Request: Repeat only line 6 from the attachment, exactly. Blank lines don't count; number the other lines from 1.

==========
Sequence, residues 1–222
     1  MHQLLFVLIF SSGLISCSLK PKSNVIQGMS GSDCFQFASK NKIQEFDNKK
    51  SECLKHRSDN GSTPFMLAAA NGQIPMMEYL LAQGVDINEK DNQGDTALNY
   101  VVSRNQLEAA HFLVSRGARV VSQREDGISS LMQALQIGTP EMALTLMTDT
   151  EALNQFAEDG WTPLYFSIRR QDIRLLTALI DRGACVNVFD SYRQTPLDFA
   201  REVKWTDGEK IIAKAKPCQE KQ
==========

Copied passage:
   201  REVKWTDGEK IIAKAKPCQE KQ